On startup the DAN GUI.exe wants to see the path to a logfile that doesn't exist yet.
Any option I press then leads to closing of the program.
I faked a logfile to get into it and probably access settings, but: it opened the logviewer, if I close it: no GUI open anymore.
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Old 14th July 2019, 21:12   #169  |  Link
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Quote:
Originally Posted by Emulgator View Post
I just want to say thank you and give it a test:
But where am I stuck ?
On startup the DAN GUI.exe wants to see the path to a logfile that doesn't exist yet.
Any option I press then leads to closing of the program.
I faked a logfile to get into it and probably access settings, but: it opened the logviewer, if I close it: no GUI open anymore.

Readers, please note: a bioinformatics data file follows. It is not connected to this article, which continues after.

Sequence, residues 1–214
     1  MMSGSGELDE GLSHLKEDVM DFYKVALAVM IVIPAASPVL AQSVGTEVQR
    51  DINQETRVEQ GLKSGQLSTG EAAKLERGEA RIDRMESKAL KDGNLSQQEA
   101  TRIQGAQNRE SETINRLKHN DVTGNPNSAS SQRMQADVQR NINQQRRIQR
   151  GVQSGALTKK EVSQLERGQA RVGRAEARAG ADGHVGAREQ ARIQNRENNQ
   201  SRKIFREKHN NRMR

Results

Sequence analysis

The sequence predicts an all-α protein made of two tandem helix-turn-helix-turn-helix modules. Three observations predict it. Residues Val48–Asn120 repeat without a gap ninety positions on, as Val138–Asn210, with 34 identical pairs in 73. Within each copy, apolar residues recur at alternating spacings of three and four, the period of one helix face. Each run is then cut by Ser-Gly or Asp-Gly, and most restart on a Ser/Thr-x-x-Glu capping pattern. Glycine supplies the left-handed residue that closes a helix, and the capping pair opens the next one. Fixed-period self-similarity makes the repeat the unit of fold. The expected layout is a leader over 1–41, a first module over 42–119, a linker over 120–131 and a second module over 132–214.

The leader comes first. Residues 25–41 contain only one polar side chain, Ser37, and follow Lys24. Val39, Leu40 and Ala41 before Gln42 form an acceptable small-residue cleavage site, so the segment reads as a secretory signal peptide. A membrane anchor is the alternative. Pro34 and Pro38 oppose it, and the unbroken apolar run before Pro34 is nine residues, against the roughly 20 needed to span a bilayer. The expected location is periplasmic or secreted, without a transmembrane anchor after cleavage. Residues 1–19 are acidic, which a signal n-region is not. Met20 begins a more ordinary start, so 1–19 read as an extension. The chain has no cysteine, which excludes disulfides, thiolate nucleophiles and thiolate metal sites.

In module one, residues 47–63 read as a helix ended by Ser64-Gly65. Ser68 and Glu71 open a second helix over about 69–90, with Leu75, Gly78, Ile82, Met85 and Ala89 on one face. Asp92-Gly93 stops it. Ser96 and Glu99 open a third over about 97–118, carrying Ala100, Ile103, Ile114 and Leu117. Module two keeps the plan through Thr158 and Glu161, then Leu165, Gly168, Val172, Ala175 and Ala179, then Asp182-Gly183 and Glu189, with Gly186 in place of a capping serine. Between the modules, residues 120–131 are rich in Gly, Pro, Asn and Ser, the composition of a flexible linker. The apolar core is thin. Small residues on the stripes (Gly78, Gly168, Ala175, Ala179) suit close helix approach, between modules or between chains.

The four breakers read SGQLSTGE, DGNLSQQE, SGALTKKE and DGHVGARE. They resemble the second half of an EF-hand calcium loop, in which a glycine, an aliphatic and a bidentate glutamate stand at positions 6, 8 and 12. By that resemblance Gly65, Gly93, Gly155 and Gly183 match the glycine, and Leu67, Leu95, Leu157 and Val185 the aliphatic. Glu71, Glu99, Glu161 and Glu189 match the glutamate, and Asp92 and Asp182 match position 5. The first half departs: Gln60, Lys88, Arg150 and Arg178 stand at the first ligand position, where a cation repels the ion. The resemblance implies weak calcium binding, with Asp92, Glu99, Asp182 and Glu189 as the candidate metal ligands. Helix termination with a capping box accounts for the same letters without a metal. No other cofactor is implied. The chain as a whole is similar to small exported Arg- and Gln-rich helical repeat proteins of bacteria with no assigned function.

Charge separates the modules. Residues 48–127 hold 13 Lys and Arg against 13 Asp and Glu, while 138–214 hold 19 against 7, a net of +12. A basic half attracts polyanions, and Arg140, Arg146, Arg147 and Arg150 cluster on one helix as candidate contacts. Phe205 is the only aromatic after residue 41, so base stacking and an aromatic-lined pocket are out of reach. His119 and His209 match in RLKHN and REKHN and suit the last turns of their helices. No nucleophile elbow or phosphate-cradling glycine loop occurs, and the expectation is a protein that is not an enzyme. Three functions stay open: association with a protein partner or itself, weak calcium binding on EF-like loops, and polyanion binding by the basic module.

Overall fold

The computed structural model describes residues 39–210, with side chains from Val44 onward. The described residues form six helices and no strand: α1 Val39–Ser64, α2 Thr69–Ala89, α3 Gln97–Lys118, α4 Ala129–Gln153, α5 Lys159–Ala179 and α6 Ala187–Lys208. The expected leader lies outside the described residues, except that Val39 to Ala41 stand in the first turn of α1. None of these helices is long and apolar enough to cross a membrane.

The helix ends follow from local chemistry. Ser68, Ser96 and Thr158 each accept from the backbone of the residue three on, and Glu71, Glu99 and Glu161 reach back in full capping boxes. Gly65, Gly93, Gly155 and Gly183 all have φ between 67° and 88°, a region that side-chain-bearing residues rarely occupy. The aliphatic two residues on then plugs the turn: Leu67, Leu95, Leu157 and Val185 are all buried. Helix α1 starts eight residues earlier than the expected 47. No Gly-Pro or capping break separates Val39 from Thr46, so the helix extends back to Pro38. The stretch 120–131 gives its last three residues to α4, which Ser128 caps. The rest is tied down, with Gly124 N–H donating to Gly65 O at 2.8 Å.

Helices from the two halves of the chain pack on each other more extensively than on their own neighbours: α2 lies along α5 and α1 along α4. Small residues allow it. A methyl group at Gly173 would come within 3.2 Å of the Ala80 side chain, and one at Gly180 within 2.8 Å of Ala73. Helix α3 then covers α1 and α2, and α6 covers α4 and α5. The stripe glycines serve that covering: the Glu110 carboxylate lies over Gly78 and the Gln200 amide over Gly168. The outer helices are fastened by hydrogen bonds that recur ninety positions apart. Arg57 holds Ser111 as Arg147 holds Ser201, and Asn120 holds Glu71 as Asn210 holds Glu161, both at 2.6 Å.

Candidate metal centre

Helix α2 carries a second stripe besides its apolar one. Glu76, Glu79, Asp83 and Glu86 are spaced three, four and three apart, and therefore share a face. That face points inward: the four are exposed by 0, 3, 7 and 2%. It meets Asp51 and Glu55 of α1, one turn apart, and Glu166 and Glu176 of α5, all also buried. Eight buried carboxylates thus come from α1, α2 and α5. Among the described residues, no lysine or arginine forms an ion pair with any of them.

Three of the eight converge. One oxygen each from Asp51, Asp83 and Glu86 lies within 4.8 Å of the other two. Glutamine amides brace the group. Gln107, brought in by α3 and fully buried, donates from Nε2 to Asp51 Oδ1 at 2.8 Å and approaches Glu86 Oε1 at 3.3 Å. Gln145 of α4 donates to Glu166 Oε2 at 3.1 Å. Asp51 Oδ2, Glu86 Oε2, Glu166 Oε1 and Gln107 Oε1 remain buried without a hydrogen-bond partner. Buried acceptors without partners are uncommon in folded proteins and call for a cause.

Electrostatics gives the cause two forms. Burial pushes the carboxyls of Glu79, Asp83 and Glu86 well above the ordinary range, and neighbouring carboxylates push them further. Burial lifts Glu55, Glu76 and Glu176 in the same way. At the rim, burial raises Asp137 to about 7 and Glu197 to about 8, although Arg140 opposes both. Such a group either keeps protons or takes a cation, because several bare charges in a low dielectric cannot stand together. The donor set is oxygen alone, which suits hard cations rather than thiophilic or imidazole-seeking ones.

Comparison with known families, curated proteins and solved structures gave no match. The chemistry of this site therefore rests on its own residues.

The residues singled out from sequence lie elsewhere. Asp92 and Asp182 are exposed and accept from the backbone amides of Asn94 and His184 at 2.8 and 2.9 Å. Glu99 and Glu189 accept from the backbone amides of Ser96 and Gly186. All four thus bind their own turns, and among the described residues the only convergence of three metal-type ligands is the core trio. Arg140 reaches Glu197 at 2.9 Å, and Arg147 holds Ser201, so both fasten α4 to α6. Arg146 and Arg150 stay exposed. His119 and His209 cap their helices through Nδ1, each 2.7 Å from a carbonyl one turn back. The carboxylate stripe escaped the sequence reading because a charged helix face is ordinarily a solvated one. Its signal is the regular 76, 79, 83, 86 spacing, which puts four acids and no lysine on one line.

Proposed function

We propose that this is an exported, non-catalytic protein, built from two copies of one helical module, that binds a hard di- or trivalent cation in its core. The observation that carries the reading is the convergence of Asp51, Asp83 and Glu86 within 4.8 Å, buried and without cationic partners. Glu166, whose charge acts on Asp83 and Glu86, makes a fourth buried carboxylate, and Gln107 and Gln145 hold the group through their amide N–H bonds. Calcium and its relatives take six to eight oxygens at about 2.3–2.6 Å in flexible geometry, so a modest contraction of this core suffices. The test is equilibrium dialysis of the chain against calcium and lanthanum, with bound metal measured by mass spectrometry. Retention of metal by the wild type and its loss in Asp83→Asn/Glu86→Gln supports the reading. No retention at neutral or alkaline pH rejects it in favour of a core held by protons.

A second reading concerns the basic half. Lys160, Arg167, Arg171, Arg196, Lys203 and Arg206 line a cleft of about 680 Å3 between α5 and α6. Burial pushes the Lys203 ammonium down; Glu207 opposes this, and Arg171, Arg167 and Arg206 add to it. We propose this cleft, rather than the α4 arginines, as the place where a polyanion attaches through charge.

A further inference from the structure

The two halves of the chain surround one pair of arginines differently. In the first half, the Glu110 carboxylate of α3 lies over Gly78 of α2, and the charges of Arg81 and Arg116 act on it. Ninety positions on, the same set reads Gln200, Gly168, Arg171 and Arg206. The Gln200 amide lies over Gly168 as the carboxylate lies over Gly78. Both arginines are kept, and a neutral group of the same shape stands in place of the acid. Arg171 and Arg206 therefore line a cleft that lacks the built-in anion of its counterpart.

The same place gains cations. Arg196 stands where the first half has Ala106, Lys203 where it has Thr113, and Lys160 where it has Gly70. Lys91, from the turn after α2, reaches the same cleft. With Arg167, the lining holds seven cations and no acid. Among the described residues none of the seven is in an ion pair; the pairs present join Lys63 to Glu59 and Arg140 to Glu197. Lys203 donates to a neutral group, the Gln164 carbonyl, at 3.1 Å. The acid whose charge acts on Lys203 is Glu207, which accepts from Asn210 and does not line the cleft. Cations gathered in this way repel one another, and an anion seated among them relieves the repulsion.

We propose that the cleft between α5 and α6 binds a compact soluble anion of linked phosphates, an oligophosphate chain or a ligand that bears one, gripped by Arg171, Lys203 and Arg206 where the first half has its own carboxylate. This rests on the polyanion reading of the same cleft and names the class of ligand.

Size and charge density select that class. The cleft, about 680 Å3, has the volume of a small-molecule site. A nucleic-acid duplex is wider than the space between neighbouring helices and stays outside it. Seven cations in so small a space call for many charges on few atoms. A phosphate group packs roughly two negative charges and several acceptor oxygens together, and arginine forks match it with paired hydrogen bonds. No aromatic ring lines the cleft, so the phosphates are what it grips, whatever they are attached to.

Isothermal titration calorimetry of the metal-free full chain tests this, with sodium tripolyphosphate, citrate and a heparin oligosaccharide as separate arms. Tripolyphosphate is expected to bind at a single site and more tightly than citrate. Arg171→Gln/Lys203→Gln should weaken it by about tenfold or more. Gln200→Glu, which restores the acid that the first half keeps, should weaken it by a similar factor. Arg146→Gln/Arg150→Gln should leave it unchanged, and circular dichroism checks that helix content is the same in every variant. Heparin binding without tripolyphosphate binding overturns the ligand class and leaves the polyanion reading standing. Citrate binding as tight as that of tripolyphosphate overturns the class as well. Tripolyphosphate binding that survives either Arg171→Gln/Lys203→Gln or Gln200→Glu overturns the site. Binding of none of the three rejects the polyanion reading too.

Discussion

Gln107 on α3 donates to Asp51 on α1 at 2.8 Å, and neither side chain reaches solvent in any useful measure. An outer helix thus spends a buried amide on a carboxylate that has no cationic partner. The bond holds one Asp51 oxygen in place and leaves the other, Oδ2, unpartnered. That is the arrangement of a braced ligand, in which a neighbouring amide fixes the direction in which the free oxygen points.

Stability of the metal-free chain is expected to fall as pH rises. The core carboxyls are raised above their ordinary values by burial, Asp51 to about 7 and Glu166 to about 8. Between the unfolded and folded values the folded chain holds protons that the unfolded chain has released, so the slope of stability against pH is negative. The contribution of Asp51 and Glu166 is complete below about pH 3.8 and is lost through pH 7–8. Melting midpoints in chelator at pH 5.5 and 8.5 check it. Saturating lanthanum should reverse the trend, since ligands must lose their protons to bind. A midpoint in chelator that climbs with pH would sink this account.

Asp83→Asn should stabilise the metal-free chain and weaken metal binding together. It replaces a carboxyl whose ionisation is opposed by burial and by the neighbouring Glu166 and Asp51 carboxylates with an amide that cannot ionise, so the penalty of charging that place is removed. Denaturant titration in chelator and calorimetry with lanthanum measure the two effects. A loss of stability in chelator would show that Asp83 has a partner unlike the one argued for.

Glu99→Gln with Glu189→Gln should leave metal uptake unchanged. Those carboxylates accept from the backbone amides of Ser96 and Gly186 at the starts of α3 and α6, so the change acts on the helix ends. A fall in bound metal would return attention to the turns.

Sorry, the GUI program is just to show (visualize) existing log files:
http://muldersoft.com/docs/img/dyauno/Chart.png

You have to use the CLI program for processing audio data; it can optionally produce a log file:
http://muldersoft.com/docs/dyauno_re...and-line-usage

If you want a GUI, you are probably better off by using the VST plug-in:
http://muldersoft.com/docs/dyauno_re...-plug-in-usage
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Last edited by LoRd_MuldeR; 14th July 2019 at 21:18.
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Old 15th July 2019, 23:12   #170  |  Link
Emulgator
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Ah thanks, that clears it up.
Munching...
Audacity 2.3.2. sees, but refuses to load DAN VST.dll
SoundForge11 does not see DAN VST.dll

At only 42KB the .dll is quite small. Missing dependencies ?

Solved: I should have used the shared .dll of course. Now both DAWs can see and use DAN.

Awsome work, Lord Mulder !
Just applied it to the sound track of a just restored 1961 movie using the defaults.
Gets the (normally tedious manual) work beautifully done, keeping the quiet/loud ratio convincing, no pulling gain up in quiet parts.
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Last edited by Emulgator; 16th July 2019 at 08:20.